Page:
Safety and OSHA News

Nearly $700K in OSHA fines following struck-by fatality

OSHA says if a company hadn’t disabled a machine guard, a 32-year-old worker who was struck and killed by a part would be alive today. Now the company faces a huge fine due to per-instance citations.

The incident occurred at Wire Mesh Sales in Jacksonville, FL. According to OSHA, in Aug. 2013, the worker entered a large wire mesh manufacturing machine to retrieve a fallen metal bar. That’s when he was struck and killed. The light curtain that would have turned the machine off before the worker entered had been disabled.

In a press release, OSHA called proper operation of machine guards “a basic Occupational Safety and Health Administration requirement.”

Now the fence manufacturer faces $697,700 in OSHA fines for 8 per-instance willful, 22 serious, 1 repeat and four other-than-serious violations.

The per-instance violations were for lockout/tagout violations on four machines, and lack of guarding on four machines. At $70,000 each, these citations alone total $560,000.

When there is a particularly egregious lack of compliance and exposure to hazards, OSHA can issue citations on a per-instance basis, in this case, representing one willful violation for each machine in violation.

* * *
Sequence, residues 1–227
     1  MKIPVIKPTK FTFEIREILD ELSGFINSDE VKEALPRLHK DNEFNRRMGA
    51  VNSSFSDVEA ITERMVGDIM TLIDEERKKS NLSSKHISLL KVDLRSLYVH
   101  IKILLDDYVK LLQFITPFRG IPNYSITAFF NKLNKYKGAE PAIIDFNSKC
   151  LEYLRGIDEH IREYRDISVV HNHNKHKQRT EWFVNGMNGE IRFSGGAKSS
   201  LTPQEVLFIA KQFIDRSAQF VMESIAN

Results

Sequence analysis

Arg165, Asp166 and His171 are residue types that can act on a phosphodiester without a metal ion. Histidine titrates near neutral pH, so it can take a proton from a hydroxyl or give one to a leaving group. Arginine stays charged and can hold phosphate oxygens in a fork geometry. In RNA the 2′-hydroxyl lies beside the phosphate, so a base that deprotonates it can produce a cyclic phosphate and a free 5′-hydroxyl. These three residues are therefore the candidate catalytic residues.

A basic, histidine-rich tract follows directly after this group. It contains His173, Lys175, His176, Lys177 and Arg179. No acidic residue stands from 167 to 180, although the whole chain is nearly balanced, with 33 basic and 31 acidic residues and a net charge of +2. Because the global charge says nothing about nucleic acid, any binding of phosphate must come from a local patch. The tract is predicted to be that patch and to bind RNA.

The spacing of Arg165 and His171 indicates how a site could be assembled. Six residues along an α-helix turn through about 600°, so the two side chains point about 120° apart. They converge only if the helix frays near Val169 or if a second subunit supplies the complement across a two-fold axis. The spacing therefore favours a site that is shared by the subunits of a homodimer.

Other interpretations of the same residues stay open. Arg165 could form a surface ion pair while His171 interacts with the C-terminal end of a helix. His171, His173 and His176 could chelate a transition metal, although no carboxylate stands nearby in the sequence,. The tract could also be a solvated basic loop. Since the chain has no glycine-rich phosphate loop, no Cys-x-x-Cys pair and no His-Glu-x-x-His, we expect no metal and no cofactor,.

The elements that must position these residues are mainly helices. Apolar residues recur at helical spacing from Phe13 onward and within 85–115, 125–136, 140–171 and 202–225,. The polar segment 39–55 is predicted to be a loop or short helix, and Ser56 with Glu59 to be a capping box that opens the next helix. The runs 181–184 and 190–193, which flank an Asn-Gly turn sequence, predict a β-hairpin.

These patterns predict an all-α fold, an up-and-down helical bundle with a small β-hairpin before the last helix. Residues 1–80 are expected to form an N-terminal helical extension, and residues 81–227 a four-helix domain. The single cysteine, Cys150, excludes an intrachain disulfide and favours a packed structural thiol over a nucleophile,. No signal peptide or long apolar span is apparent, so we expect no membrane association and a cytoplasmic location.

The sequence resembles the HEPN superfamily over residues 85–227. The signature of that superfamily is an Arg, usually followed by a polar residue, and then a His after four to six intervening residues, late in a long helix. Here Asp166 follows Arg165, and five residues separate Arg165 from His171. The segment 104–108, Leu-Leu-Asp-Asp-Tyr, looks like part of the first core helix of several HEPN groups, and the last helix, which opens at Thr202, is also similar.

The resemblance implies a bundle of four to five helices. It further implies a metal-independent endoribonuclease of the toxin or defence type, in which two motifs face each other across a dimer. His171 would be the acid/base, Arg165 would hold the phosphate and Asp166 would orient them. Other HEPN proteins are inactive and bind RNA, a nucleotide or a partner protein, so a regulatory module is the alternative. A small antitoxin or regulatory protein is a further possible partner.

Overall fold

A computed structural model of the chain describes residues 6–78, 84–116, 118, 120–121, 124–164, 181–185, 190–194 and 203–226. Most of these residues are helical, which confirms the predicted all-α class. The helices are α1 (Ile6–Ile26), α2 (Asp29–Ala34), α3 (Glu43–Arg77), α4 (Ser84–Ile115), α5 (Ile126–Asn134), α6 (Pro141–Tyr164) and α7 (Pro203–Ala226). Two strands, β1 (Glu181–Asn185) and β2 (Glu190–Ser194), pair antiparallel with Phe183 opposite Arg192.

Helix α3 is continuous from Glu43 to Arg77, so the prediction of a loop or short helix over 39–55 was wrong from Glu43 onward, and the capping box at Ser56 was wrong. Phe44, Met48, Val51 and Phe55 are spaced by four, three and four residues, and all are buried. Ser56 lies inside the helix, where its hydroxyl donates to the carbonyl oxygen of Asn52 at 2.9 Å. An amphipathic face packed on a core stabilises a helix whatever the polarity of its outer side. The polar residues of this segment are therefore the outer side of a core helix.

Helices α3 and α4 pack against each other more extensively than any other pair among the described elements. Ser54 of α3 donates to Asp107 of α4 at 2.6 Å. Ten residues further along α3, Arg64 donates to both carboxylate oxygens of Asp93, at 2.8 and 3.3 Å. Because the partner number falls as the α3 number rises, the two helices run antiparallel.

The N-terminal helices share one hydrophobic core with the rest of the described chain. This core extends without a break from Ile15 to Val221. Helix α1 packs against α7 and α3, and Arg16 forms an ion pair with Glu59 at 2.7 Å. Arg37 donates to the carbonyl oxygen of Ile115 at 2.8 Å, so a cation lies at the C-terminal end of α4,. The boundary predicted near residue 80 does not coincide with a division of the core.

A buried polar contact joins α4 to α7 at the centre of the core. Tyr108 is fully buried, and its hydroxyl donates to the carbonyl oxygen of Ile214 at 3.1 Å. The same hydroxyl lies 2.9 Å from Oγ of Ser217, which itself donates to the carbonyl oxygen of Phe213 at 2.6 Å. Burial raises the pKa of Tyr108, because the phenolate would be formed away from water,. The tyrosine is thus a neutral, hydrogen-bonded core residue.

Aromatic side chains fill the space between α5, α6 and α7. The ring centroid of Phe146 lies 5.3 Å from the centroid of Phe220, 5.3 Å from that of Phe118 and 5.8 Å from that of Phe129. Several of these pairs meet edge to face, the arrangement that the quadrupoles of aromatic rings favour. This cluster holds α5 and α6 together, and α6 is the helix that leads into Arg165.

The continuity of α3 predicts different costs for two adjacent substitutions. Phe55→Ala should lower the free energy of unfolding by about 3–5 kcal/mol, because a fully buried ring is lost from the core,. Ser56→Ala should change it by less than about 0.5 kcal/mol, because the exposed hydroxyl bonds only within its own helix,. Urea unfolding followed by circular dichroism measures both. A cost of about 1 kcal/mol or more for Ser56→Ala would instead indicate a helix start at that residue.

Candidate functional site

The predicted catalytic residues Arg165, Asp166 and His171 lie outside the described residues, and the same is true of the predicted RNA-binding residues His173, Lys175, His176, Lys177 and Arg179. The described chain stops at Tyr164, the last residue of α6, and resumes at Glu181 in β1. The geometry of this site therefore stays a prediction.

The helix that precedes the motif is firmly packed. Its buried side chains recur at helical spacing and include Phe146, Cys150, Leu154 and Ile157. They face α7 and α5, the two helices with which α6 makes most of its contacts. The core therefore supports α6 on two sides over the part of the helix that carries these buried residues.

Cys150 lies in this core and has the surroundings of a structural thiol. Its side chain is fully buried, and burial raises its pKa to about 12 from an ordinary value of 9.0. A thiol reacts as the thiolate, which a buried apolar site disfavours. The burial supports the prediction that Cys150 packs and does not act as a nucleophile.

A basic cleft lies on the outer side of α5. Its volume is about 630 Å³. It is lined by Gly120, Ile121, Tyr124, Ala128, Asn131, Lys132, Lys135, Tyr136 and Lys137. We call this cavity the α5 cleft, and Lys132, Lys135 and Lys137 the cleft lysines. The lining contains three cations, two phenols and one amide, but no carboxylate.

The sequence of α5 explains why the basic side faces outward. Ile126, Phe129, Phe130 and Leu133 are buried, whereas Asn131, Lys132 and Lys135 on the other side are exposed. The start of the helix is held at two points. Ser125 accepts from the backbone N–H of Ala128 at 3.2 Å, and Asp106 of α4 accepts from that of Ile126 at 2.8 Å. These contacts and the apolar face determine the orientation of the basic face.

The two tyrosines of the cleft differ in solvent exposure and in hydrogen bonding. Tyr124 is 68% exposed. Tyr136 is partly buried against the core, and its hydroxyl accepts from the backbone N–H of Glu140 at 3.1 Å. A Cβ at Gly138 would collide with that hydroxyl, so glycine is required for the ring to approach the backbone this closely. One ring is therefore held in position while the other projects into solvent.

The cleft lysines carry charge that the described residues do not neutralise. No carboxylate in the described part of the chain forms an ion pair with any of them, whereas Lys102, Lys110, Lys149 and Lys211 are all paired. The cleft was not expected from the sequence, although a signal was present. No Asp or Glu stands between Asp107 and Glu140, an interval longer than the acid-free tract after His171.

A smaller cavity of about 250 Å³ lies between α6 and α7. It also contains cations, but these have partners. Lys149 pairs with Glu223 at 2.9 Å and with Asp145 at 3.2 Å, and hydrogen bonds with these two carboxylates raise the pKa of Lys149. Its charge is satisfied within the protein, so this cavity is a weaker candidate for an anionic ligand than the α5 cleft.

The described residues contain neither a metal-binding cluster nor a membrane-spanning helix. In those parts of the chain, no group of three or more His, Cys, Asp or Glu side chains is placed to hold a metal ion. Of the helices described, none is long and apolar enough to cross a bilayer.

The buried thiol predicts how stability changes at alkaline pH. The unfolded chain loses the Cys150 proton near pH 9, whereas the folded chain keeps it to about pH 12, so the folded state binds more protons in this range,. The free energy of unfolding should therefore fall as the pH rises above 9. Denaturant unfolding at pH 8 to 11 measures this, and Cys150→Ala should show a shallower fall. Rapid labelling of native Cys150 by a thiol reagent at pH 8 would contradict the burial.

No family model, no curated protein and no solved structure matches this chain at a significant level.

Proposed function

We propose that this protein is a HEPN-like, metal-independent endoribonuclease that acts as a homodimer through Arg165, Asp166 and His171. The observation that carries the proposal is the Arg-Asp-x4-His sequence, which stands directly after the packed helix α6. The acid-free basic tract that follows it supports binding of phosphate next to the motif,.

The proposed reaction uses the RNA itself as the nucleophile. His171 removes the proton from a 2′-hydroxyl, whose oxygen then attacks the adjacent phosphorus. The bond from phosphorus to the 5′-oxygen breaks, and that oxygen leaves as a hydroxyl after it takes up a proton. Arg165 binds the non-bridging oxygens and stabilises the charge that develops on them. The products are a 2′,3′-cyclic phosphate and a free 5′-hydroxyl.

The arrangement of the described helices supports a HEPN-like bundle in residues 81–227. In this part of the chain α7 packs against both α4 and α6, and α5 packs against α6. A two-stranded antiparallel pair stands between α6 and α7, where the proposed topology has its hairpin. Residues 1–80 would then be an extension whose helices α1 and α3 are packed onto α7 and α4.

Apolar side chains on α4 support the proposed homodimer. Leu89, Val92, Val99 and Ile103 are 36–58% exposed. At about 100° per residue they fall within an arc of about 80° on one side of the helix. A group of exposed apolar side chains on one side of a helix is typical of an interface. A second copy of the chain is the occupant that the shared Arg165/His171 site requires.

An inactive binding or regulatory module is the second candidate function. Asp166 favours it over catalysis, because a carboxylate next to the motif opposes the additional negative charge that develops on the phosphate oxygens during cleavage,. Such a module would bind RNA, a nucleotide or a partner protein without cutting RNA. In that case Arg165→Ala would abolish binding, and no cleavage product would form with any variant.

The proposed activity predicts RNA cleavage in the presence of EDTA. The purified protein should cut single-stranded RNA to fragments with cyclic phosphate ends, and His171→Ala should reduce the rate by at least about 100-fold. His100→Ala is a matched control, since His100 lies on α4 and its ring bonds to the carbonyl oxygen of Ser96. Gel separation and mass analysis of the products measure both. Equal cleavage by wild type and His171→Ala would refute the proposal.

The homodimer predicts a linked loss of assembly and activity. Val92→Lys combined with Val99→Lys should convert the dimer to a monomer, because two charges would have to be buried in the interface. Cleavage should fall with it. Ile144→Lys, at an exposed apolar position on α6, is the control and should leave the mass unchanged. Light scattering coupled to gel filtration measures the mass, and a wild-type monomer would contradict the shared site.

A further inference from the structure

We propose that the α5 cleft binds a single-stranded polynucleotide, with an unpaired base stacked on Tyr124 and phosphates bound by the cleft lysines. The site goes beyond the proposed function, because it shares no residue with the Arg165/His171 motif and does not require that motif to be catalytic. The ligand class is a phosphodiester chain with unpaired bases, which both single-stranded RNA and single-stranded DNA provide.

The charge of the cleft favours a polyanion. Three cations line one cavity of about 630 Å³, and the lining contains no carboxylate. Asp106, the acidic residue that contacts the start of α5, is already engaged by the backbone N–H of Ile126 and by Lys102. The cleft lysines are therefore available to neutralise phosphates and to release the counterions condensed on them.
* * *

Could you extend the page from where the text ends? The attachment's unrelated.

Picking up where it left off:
The 22 serious citations include:

  • a factory floor cluttered with broken pallets creating a hazard that could lead to workers tripping and falling into moving machine parts
  • an electrical outlet left on the ground wrapped in tape that posed a shock hazard, and
  • a bathroom sink that had been clogged for months with maggots swimming in standing water.

OSHA has also placed Wire Mesh in its Severe Violator Enforcement Program which focuses on inspecting employers who have been issued willful, repeat or failure-to-abate citations.

The company has 15 business days from receipt of the citations to decide whether to contest them.

In a statement to, Michael Prendergast, an attorney representing Wire Mesh, said the company “is committed to providing a safe work environment. We’re going to review the citations, and we’re going to do what’s right.”

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  1. This report states that: “The light curtain that would have turned the machine off before the worker entered had been disabled.” This reflects such a gross disregard for the safety of the workers that the death may be a negligent homicide. I think local citizens on the county grand jury should have a chance to consider this.

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